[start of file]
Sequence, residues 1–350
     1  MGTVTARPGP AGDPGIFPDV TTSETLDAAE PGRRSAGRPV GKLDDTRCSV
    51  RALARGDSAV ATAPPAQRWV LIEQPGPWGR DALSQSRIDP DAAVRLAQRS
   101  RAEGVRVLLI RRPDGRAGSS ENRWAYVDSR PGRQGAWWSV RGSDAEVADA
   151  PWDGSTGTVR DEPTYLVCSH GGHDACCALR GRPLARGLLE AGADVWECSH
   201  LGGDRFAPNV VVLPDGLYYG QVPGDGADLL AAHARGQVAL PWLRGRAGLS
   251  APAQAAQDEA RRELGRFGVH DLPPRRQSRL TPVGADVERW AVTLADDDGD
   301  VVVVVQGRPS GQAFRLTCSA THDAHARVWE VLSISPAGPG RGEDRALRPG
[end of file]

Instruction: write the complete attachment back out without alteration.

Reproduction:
Sequence, residues 1–350
     1  MGTVTARPGP AGDPGIFPDV TTSETLDAAE PGRRSAGRPV GKLDDTRCSV
    51  RALARGDSAV ATAPPAQRWV LIEQPGPWGR DALSQSRIDP DAAVRLAQRS
   101  RAEGVRVLLI RRPDGRAGSS ENRWAYVDSR PGRQGAWWSV RGSDAEVADA
   151  PWDGSTGTVR DEPTYLVCSH GGHDACCALR GRPLARGLLE AGADVWECSH
   201  LGGDRFAPNV VVLPDGLYYG QVPGDGADLL AAHARGQVAL PWLRGRAGLS
   251  APAQAAQDEA RRELGRFGVH DLPPRRQSRL TPVGADVERW AVTLADDDGD
   301  VVVVVQGRPS GQAFRLTCSA THDAHARVWE VLSISPAGPG RGEDRALRPG